If Donald Trump were a woman, would you have voted for her?
Did Hillary Clinton lose because she’s a woman?
Just how deeply did sexism affect the politics of the U.S. presidential election?
A pair of researchers teamed up to find the answers. They recreated the presidential debates — with a twist. Trump was played by a woman, and became “Brenda King”; Hillary Clinton was played by a man and called “Jonathan Gordon.” How would audiences react to a female Donald Trump, and to a male Hillary Clinton?
After months of rehearsal, in which the actors painstakingly matched words, speech patterns, and gestures to those of the candidates, researchers got a chance to record the audience’s reaction to Her Opponent during two sold-out shows in New York City.
The experiment had shocking and surprising results.
“People got upset,” researcher Joe Salvatore explained in an interview with New York University News.
“There was a guy two rows in front of me who was literally holding his head in his hands, and the person with him was rubbing his back.”
The researchers suspected that Trump’s aggression would never be tolerated from a woman, and that Clinton’s competence would be even more obvious coming from a man. Instead, shocked audience members found themselves understanding Trump’s appeal and described the male Hillary Clinton as “punchable.”
“The simplicity of Trump’s message became easier for people to hear when it was coming from a woman — that was a theme.”
The experiment was designed to explore gender bias and how people react to the unconscious communication styles of men and women, and it ended up doing just that — but it shocked the researchers and the audience by throwing light on their own bias.
“We both thought that the inversion would confirm our liberal assumption — that no one would have accepted Trump’s behavior from a woman, and that the male Clinton would seem like the much stronger candidate.”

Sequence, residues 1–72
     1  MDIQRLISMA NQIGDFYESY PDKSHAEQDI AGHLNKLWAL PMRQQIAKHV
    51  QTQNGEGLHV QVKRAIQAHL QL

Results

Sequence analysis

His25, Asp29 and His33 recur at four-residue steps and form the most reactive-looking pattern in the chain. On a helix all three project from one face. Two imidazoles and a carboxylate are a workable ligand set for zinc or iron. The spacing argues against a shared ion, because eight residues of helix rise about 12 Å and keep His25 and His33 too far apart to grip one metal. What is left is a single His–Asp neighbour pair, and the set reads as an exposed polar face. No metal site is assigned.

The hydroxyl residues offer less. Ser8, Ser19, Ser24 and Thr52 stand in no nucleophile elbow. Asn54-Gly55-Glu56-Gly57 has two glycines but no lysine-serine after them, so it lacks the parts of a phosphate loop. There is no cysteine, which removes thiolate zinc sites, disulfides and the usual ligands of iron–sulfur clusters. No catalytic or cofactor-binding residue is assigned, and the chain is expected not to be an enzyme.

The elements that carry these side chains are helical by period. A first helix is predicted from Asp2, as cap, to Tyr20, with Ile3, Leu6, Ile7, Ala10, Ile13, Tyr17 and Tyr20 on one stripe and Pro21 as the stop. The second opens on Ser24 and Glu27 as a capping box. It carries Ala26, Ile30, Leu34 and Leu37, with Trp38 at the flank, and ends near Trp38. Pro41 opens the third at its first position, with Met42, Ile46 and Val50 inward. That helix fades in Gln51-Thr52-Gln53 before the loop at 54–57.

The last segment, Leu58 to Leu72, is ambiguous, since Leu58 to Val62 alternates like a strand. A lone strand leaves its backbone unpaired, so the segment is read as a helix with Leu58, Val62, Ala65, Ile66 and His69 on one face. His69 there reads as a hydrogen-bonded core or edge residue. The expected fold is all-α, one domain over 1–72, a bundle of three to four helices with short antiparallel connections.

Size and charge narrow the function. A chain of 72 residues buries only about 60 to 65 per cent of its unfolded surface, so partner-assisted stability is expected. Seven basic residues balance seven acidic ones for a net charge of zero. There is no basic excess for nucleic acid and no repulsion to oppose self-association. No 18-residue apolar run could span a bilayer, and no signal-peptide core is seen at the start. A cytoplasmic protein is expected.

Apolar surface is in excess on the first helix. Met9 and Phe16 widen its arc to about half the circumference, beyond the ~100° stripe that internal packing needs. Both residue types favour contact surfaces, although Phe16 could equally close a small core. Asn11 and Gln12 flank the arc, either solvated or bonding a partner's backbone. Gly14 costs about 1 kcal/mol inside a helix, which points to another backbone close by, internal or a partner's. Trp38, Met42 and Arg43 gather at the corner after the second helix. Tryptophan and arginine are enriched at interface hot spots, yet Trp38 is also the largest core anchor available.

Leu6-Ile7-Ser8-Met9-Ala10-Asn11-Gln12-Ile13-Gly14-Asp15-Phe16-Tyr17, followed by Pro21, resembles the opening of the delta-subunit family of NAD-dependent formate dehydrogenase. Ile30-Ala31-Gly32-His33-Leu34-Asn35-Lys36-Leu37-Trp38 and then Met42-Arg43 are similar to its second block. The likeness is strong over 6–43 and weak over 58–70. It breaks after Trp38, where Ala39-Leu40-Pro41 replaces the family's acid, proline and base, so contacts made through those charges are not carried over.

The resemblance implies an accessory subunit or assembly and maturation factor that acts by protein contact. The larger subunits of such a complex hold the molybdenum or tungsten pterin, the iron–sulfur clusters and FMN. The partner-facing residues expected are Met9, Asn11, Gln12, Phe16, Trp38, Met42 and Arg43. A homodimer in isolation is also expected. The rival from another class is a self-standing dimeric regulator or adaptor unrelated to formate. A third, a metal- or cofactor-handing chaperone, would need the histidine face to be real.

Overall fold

Instead, Brenda King (the female Donald Trump) was more likeable than expected. Salvatore explained the moment he turned to accomplished economics professor Maria Guadalupe, who designed the experiment, with the realization that his perception had shifted.
“I remember turning to Maria at one point in the rehearsals and saying, ‘I kind of want to have a beer with her!'”
This was a major shock to Salvatore who, as a gay man, admitted to having a liberal bias. He was upset to hear even harsher criticisms of “Jonathan Gordon” than he had of “Hillary Clinton” for the exact same behaviors. For example, one audience member described the male version of Hillary Clinton as “really punchable because of all the smiling.”
Salvatore was surprised that masculine behaviors on a woman were not as decried as feminine behaviors on a man — the female Trump was actually better received than the male Clinton, suggesting that if the genders were swapped, Trump would have gathered more votes.
“I had an unsettled feeling the whole way through.”
— Radio Eyes (@SeeingRadio) March 8, 2017
Audience members came to the play expecting to have their biases confirmed, but were instead shocked to realize that it was their own biases that had colored their perception of the candidates.
In the end, it was the ability to hear Trump’s words coming from a woman that allowed the researchers to develop empathy for those who voted for Trump.
“The majority of my extended family voted for Trump. In some ways, I developed empathy for people who voted for him by doing this project, which is not what I was expecting. I expected it to make me more angry at them, but it gave me an understanding of what they might have heard or experienced when he spoke.”
[Featured Image by Scott Olson/Getty Images]